By RUSTY MARKS
The State Journal
CHARLESTON, W.Va. — A bill passed by the West Virginia Senate would make it easier or harder for so-called “dark money” to influence state elections, depending upon which side of the aisle lawmakers sit.
Democrats think Senate Bill 539, passed by the Senate on Monday, March 27, would raise the limits over which detailed information about contributions must be disclosed. Republicans think the bill would discourage candidates from taking “dark money” from massive super-PACs by allowing local donors to give more money before triggering more detailed campaign disclosures.
The bill was the subject of hours of debate in committee, on second reading on the Senate floor over the weekend, and on third and final reading Monday. Democratic attempts to amend the legislation, including several during a marathon floor session Monday, were largely shot down by the Senate Republican majority.
Sen. Charles Trump, R-Morgan, chairman of the Senate Judiciary Committee, said every dollar a contributor gives must be recorded listing the contributor’s name, but contributions over the threshold also must list the contributor’s address, occupation, employer or company if the contributor is a business owner.
The threshold for disclosing more detailed information about money contributed by independent expenditure PACs, commonly known as “super-PACs,” also would be raised from $250 to $1,000 under the provisions of the bill, though super-PACS currently are and still would be allowed to contribute an unlimited amount of money to benefit a candidate.
Senate Bill 539 passed 23-11. It now goes to the House for debate.
Also Monday, the Senate passed Senate Bill 388, which would allow residents carrying guns in their cars to leave them there while picking their children up or dropping them off at school, provided the guns are kept out of sight or securely locked up if the parents leave the car.
It is currently a felony to have a gun anywhere on school property; the bill would make an exception for school parking lots or pickup and drop-off areas.
The bill would apply to anyone not prohibited from carrying a gun, but would not apply to an 18-to-21-year-old who has a provisional concealed handgun license. The bill passed 34-0 with no discussion.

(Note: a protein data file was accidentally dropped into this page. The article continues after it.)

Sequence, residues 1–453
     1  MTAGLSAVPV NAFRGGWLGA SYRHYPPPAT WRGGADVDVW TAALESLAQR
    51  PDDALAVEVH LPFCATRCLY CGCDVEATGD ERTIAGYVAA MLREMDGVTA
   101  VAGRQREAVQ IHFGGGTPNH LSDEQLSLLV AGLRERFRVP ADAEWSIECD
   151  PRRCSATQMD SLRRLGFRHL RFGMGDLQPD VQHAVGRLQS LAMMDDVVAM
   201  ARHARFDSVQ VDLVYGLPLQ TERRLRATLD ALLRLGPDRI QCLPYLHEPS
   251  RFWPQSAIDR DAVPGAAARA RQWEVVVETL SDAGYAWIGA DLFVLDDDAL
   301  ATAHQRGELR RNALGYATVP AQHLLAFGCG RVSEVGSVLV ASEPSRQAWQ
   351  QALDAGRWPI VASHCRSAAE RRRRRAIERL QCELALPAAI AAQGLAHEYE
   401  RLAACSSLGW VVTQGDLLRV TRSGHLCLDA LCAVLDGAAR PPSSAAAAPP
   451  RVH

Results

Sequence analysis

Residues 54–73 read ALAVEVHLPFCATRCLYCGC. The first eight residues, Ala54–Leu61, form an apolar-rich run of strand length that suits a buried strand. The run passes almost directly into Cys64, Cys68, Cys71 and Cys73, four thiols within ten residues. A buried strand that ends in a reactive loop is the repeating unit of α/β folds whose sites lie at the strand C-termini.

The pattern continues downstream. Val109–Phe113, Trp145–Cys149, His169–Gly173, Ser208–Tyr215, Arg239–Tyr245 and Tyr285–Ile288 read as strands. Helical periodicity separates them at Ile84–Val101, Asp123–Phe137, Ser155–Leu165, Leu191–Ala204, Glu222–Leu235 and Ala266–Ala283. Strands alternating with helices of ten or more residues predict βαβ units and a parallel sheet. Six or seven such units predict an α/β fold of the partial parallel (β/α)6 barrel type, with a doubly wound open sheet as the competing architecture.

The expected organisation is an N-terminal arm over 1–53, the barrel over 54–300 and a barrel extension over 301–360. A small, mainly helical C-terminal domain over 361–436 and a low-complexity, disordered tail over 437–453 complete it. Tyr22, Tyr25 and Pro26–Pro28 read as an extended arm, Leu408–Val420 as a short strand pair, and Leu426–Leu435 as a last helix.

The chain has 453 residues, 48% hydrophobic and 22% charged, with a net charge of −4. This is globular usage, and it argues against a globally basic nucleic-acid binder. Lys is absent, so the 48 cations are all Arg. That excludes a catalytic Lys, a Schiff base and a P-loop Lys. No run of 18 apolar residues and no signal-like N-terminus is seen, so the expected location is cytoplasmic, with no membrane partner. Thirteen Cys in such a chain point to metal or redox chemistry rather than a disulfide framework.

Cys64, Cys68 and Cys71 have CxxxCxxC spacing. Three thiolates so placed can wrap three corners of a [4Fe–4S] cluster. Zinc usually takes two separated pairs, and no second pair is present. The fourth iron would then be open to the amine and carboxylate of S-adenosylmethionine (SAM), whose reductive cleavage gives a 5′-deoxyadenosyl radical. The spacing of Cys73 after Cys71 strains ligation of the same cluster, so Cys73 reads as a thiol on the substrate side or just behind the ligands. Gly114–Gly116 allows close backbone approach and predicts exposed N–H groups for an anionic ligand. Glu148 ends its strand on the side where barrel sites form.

The Senate also passed Senate Bill 210, which would allow county governments to divert part of their tax collections to fund local road and bridge projects. The bill would require a constitutional amendment.
County road and bridge maintenance was turned over to the state in the 1930s because poor counties could not compete with rich counties to maintain infrastructure. Senate Bill 210 passed by a vote of 29-5.
Several Senate Democrats opposed the legislation. Sen. Mike Romano, D-Harrison, and Sen. Ron Miller, D-Greenbrier, said there would be no way to tell if contractors were paying out-of-state workers or illegal aliens under the provisions of the legislation. But Sen. Craig Blair, R-Berkeley, said while the amounts workers were paid would be secret under the bill, their addresses would not be.
Senate Bill 412 passed by a vote of 23-11.
In the House of Delegates on Monday, delegates passed House Bill 2004, which would set up a centralized state vehicle inventory system and database to keep track of state-owned vehicles. Delegate Gary Howell, R-Mineral, said the state would finally know exactly how many cars it owns.
Howell said state agencies would be required to report the number of vehicles they own every year, and would have to re-license each vehicle annually as well. All state vehicle plates would be standardized, and feature gold-colored plates with blue letters.
The bill passed 99-0.
The House also passed House Bill 2548, which would allow bars and restaurants to set up speakers to play music for outside customers, provided the speakers did not clash with local noise ordinances. The bill passed 97-2.
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